February 1999: Jerry Jordan, member of the FOMC quoted in the FOMC minutes as saying "There are people making real estate investments for residential and other purposes in the expectation that prices can only go up and go up at accelerating rates.  Those expectations ultimately become destabilizing to the economic system." http://www.federalreserve.gov/monetarypolicy/files/FOMC19990203meeting.pdf (Contributed to this site by Stephanie A. Kelton)

2000: L. Randal Wray, “Can the Expansion Be Sustained? A Minskian View. http://www.levy.org/pubs/pn00_5.pdf  (Contributed to this site by Eric Tymoigne.)

March 2000: Godley and Wray “Is Goldilocks Doomed?” Journal of Economic Issues 34(1) p. 201 – 206. (Found by Dirk J Bezemer) (prediction of the last downturn before it happened)

July 6, 2000: Wynne Godley, “Drowning in Debt.”  http://www.levy.org/pubs/pn00_6.pdf  (Contributed to this site by Eric Tymoigne.)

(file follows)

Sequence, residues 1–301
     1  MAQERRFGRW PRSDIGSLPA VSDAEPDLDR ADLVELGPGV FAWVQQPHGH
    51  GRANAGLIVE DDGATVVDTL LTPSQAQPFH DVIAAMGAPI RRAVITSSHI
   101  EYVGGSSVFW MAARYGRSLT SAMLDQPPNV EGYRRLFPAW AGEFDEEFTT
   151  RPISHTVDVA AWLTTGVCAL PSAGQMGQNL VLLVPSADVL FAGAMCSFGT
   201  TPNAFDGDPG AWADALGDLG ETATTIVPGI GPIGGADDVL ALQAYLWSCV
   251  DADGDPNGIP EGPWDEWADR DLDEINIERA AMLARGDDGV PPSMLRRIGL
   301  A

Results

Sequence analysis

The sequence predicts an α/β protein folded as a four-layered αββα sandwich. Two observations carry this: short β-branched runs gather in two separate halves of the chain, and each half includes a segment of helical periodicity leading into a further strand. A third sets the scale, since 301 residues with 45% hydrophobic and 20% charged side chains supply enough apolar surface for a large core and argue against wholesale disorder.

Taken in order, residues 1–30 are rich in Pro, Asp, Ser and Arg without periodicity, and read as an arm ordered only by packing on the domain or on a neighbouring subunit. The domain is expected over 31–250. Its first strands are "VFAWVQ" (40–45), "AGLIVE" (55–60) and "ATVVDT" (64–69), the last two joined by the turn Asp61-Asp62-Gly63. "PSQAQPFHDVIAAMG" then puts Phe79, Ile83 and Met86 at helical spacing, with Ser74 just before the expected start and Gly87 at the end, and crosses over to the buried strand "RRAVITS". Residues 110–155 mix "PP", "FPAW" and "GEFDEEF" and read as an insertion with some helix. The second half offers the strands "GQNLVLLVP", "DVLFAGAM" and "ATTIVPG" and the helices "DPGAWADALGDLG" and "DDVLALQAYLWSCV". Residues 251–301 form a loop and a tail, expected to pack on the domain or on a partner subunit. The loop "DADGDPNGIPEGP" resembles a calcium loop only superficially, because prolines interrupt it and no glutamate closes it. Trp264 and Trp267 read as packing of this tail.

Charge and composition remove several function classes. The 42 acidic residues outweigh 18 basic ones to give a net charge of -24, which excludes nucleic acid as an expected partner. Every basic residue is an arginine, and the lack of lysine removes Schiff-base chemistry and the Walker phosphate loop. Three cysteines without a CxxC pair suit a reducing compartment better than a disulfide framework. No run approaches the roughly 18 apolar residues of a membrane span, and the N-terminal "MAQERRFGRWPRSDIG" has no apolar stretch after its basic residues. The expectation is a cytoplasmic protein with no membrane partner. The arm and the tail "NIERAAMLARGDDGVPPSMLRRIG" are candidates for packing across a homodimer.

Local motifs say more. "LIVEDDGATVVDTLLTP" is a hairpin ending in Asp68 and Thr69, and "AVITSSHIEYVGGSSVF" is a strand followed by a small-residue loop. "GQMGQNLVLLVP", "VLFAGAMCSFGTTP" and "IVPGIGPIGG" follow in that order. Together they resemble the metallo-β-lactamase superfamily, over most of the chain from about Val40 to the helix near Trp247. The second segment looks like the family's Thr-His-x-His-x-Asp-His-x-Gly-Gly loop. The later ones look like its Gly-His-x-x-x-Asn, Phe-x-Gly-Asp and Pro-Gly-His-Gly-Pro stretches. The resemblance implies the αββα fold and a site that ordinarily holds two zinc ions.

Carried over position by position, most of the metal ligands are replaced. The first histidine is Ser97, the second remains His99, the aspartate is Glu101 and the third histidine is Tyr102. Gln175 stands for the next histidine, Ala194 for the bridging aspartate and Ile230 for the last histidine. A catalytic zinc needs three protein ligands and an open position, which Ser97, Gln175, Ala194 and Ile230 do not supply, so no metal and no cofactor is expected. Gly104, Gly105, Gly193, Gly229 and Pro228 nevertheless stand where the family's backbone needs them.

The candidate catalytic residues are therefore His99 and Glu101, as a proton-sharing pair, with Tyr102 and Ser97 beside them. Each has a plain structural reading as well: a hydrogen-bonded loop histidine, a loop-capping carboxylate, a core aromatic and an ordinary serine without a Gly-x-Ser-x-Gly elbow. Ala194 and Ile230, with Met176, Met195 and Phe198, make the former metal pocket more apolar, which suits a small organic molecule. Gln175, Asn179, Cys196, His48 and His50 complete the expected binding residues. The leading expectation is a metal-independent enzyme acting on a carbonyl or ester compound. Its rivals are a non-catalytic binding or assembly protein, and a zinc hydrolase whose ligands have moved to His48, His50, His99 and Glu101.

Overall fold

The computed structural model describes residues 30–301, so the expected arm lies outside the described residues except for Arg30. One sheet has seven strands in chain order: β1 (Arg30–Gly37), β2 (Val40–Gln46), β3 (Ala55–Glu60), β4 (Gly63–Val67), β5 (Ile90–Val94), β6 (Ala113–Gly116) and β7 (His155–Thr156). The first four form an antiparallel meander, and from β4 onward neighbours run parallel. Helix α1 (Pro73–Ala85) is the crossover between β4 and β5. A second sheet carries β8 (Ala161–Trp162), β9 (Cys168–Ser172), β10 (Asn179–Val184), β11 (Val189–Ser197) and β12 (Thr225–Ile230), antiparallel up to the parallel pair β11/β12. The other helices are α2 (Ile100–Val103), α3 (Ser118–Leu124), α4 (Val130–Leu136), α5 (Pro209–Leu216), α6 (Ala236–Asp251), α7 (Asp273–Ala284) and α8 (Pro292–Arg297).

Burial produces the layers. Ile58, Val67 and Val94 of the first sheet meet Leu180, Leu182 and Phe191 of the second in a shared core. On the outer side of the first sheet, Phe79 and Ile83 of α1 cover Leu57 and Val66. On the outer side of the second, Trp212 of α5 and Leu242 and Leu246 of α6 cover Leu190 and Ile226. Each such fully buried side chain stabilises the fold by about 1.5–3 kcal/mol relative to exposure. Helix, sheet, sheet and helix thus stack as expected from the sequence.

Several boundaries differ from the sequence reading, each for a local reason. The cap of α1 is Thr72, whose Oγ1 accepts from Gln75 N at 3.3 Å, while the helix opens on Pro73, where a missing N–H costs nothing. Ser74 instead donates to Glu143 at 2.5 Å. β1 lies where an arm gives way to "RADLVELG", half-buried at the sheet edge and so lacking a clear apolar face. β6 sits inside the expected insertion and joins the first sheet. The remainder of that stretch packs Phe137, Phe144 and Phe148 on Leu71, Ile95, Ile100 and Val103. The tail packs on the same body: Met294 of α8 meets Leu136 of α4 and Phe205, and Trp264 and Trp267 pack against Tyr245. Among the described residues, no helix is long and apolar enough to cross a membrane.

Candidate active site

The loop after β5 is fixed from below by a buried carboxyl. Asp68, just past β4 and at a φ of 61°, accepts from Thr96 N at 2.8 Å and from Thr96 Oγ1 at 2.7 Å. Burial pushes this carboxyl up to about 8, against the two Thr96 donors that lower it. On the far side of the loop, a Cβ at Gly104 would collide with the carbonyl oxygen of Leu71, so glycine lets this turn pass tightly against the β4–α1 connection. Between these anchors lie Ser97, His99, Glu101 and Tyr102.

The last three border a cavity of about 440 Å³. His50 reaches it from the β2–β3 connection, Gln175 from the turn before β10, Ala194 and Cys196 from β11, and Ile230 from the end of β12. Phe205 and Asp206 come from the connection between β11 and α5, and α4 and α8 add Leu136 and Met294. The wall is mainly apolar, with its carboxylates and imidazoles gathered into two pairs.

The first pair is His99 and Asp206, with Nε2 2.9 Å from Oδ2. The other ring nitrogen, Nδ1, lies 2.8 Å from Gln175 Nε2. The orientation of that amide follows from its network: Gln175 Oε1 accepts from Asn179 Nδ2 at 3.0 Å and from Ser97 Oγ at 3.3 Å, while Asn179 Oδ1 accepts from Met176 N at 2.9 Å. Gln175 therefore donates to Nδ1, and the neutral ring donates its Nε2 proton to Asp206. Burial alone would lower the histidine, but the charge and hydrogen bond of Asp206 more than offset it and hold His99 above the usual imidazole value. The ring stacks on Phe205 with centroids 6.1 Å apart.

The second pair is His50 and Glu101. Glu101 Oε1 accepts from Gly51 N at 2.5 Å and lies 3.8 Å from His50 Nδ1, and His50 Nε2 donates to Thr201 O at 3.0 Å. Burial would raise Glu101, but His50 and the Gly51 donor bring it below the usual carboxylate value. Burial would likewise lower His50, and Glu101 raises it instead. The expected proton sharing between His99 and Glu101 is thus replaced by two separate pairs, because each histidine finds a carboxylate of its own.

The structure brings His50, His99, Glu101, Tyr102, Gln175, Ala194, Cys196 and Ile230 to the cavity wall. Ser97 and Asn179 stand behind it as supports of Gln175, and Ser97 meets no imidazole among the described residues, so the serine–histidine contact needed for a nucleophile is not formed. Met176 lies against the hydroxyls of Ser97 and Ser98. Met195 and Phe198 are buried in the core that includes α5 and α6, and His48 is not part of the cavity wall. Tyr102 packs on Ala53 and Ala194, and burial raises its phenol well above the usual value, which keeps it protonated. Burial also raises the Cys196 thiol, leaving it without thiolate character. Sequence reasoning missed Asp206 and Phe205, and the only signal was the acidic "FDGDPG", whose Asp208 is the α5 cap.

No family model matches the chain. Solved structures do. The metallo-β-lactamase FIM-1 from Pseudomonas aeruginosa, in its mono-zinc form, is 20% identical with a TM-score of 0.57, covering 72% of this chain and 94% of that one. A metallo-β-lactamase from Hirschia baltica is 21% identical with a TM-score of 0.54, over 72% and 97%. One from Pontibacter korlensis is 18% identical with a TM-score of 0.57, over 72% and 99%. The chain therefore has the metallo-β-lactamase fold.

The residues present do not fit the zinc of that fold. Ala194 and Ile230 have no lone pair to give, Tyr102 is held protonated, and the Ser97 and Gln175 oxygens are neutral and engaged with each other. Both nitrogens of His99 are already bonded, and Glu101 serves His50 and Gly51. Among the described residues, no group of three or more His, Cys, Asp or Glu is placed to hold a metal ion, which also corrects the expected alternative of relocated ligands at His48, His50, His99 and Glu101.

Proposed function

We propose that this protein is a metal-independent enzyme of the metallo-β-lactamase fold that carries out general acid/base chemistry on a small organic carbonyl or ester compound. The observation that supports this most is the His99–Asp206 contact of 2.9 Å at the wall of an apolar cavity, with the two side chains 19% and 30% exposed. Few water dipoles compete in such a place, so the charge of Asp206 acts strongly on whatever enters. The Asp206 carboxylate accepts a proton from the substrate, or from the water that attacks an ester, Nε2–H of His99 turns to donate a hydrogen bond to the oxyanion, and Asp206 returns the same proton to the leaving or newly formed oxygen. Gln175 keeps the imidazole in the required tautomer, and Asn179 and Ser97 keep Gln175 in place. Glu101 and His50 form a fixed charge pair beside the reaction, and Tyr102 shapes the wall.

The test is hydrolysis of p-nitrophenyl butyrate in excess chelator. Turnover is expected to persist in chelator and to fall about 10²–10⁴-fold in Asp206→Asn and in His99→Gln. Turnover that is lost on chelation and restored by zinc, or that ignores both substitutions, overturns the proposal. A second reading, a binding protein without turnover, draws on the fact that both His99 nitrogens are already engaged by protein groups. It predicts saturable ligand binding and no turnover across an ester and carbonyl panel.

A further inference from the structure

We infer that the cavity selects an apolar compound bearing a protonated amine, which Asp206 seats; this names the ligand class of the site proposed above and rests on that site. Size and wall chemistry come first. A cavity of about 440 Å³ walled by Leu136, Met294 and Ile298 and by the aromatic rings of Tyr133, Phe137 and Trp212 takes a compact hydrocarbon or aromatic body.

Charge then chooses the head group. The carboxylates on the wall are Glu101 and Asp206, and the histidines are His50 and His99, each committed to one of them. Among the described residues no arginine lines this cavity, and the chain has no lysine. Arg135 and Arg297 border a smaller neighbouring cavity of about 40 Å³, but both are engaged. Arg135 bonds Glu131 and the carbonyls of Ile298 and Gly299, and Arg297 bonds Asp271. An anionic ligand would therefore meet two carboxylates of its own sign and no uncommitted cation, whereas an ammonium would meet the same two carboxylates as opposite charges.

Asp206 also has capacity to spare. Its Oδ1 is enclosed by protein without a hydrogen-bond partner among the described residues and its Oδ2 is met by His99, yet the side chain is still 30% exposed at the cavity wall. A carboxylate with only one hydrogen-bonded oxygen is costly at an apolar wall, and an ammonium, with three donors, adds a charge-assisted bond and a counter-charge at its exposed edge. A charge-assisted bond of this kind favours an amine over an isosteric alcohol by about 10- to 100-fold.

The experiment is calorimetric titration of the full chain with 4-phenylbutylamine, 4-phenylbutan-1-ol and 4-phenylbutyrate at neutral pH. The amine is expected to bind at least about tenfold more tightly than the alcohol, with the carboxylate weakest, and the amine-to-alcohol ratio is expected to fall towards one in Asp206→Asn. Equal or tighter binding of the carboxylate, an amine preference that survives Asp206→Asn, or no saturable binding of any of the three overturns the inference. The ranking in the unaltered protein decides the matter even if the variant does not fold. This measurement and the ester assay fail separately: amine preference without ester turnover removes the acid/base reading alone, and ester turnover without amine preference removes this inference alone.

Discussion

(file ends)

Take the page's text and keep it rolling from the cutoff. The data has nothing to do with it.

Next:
October 2001: L. Randal Wray, “Are We All Keynesians (Again)?” http://www.levy.org/pubs/pn01_10.pdf (Contributed to this site by L. Randal Wray)

2002: Dean Baker, “The Run-Up in Home Prices: Is It Real or Is It Another Bubble?” http://www.cepr.net/documents/publications/housing_2002_08.pdf (Found by Dirk J Bezemer)

2006: Michael Hudson, “Saving, Asset-Price Inflation and Debt-Induced Deflation” in Money, Financial Instability and Stabilization Policy Edited by Randal Wray and Mathew Forstater.  (Contributed to this site by Glen Atkinson)

2006 : Wynne Godley and Gennaro Zezza, “Debt and Lending: A Cri De Coeur.”  http://www.levy.org/pubs/pn_4_06.pdf (Contributed to this site by Eric Tymoigne.)

May 2006: L. Randal Wray “Can Basel II Enhance Financial Stability? A Pessimistic View.” http://www.levy.org/pubs/ppb_84.pdf (Contributed to this site by L. Randal Wray)

December 2006: Stephen Keen, “The Lily and the Pond.” http://evatt.org.au/news/445.html (Found by Dirk J Bezemer)

January 2007: L. Randal Wray “Demand Constraints and Big Government.” http://www.levy.org/pubs/wp_488.pdf (Contributed to this site by Randal Wray)

2007: Christopher Brown “Financial Engineering, consumer credit, and the stability of effective demand”, Journal of Post Keynesian Economics, Vol. 29, No. 3, Spring, pp. 427-53.